Name of Another Biblical Figure Identified
It’s always exciting to hear of the discovery of another name in an archaeological setting that also appears in the Bible. In this case, it is a bullah that bears the name of Nathan-melek. The archaeological context and the writing style place the bullah at about 600 BC, give or take 25 years or so. A man by this very name, and in this place at this time, is known from the Bible.
“And Josiah did away with the horses which the kings of Judah had given to the sun, at the entrance of the house of the LORD, by the chamber of Nathan-melech the official, which was in the precincts; and he burned the chariots of the sun with fire.” (2Ki 23:11)
It is very common for bullah like this to give the family lineage of the person to whom the seal belonged, e.g. “Jacob son of Adonijah.” In this inscription no such lineage is given. The inscription simply says “belonging to Nathan-melek, servant of the king.” Perhaps no lineage is given because he was so well known that none was needed.
You may be wondering what a bullah even is. A bullah is a piece of clay that has been stamped by a seal. They were typically used to seal documents. A record of some sort, usually a legal document of some kind, would be written in ink on a sheet of papyrus; the papyrus would then be rolled up and sometimes folded over, tied with a string, and a lump of clay placed on the knot. The clay would then be impressed with a small stone seal that identified the owner. The inscription on the seal would have to be written in reverse so that it would read correctly when impressed on the clay.
These bullae are always quite small, as can be seen in this photo. They are often smaller than an adult thumbnail. The seals were just as small, of course. It would take a very good set of eyes and a steady hand to carve the words onto the tiny stone that was used to make the seal!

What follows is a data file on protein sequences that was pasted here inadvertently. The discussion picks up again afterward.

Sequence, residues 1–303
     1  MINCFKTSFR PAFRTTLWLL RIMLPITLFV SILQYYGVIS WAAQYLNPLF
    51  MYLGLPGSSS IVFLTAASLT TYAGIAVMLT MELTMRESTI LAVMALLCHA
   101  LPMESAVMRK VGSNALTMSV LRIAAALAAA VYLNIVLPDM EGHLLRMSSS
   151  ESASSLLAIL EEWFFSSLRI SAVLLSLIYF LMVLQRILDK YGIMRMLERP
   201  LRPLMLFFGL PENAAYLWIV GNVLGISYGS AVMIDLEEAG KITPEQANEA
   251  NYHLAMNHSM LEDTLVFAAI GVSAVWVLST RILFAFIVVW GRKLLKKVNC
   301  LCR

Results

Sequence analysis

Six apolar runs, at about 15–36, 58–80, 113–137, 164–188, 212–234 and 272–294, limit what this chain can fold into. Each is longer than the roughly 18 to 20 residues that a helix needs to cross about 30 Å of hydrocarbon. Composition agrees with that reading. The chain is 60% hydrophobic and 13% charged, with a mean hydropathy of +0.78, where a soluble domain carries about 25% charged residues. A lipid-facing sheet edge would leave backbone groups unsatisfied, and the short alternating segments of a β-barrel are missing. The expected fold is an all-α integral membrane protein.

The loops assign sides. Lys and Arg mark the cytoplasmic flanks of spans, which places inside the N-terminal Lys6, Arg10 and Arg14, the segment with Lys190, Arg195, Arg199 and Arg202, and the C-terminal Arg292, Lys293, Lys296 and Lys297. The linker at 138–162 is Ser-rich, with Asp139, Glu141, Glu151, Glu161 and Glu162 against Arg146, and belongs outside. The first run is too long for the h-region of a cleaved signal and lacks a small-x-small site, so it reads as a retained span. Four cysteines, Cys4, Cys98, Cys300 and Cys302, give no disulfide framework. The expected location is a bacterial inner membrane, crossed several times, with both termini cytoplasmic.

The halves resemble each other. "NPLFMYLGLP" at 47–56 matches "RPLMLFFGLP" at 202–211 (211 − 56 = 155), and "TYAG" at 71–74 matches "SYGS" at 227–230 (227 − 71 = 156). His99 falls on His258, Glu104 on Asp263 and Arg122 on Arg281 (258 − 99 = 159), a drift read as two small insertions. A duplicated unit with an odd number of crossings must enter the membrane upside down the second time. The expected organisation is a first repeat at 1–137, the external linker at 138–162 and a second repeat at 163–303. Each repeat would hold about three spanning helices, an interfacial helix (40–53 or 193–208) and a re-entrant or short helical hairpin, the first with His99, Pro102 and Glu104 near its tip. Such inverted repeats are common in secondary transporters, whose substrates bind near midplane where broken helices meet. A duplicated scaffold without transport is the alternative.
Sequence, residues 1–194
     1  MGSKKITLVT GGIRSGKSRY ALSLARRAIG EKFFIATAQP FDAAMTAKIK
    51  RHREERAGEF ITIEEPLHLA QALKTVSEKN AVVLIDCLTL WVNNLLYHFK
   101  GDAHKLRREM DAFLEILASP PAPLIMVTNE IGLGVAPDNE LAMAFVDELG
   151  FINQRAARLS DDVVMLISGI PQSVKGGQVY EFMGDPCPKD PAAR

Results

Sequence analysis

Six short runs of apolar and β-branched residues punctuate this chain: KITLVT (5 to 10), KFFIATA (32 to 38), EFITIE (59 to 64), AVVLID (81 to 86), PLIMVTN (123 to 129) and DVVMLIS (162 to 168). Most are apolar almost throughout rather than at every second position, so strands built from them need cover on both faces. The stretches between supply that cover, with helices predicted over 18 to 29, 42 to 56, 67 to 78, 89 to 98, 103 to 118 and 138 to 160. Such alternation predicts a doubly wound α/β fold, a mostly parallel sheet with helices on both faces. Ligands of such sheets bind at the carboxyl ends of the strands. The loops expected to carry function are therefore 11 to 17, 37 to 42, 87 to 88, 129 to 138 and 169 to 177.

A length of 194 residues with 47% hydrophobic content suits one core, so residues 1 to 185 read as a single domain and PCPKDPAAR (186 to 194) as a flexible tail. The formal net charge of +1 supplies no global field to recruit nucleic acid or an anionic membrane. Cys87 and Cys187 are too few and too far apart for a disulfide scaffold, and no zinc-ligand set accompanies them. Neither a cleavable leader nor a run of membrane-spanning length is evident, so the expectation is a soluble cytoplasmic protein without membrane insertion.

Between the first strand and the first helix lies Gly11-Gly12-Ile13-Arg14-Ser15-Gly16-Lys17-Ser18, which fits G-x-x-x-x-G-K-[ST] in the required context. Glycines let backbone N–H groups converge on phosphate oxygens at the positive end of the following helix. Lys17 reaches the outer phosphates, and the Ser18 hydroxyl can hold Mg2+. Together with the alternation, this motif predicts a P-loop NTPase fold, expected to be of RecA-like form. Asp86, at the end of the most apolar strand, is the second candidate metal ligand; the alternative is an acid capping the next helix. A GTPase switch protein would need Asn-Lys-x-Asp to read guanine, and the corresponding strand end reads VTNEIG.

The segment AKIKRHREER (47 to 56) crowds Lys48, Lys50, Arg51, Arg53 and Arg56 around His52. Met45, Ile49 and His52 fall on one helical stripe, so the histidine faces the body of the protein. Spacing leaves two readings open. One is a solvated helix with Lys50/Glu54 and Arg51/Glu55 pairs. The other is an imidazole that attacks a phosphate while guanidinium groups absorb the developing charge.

If you are curious about the Hebrew inscription itself, here is an explanation.
Hebrew reads from right to left, so we begin at the upper right. The first letter looks like a slanting L, and is the letter lamed. Here it is a preposition, meaning “belonging to.” The next three letters make up the name “Nathan.” The first and last letters are identical (the letter nun); the middle letter looks something like an X. If you were to tilt it, it would look much more like our letter “t,” which is what it is [this letter could be a hard “t” or a soft “th”]. The last three letters are still covered with some dirt, but spell out the second part of his name, “melek.” Keep in mind that the only letters are consonants; vowels have to be supplied in these inscriptions.
The second line begins with the word “servant.” The first letter looks something like an O; it is the letter ayin. It is followed by “b” and “d,” making up the Hebrew word ‘ebed, “servant.” The fourth letter is the letter “h,” functioning here as the article, “the.” The last three letters are identical to the last three letters on the top line and spell out the same word, melek, “King.” The second line, then, gives the title of Nathan-melek, “servant of the king.” This is a title that was used for high officials in the royal court, which the Nathan-melek in 2 Kings 23:11 certainly was.
Given the coincidence of the name, title, approximate date, and place on this bullah, it seems reasonable to conclude that it came from the personal seal of the official mentioned in 2 Kings 23:11. How cool is that!